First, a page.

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According to the Centers for Disease Control, suicide was the 10th leading cause of the death in the U.S. in 2009. That year there were 37,000 suicides, with one million reported attempted suicides. In the same year, suicide was the third leading cause of death for young people between the ages of 15 and 24. Depression can affect anyone - like Olympian Michael Phelps who recently disclosed he struggled with depression.
Suicide is a major health issue but it’s also a potentially preventable one. While there are several risk factors for suicide, any person who expresses suicidal thoughts or the intent to commit suicide should be taken seriously. Risk factors for suicide include:
Knowing and acting on the signs of suicide exhibited by others could save thousands of lives each year. If someone appears depressed and/or expresses suicidal thoughts, it's important to listen closely and take that person seriously. It's especially important to be concerned if someone exhibits any of these signs and has also attempted suicide in the past, as most successful suicides were preceded by one or more attempts.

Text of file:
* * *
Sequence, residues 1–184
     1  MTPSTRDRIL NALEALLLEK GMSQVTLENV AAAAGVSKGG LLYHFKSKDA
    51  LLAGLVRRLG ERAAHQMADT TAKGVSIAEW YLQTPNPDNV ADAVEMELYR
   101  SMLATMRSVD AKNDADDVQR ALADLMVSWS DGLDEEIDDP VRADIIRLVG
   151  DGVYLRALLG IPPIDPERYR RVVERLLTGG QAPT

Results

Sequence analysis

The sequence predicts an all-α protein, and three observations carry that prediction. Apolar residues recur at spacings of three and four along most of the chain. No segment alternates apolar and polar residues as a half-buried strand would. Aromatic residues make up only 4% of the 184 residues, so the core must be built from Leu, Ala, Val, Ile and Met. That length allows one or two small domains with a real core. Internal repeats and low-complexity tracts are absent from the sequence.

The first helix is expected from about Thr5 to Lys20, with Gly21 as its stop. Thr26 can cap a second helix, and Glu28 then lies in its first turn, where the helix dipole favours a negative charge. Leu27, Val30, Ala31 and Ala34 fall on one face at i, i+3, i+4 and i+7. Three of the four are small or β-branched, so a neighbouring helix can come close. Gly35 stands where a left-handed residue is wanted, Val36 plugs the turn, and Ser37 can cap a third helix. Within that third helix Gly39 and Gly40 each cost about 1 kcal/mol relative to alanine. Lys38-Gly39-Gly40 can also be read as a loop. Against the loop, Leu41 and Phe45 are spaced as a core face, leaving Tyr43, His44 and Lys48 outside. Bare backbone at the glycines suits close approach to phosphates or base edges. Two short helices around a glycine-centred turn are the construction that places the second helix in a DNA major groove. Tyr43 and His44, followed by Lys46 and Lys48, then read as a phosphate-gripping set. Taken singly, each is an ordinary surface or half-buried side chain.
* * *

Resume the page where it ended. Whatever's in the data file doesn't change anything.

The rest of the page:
Benjamin Shain, MD, PhD, Psychiatry at NorthShore, shares some of the warning signs of suicide and discusses what you can do to help a person who might be contemplating suicide:
What should you do if you notice these behaviors in a friend or family member?
First, discuss your observations or concerns with the person and/or other friends or family members. Make sure to listen to the person’s concerns and what might be stressful for them. It's essential to urge the person to speak to their primary care physician and/or a mental health professional. If you believe they are an immediate risk to themselves, call 911.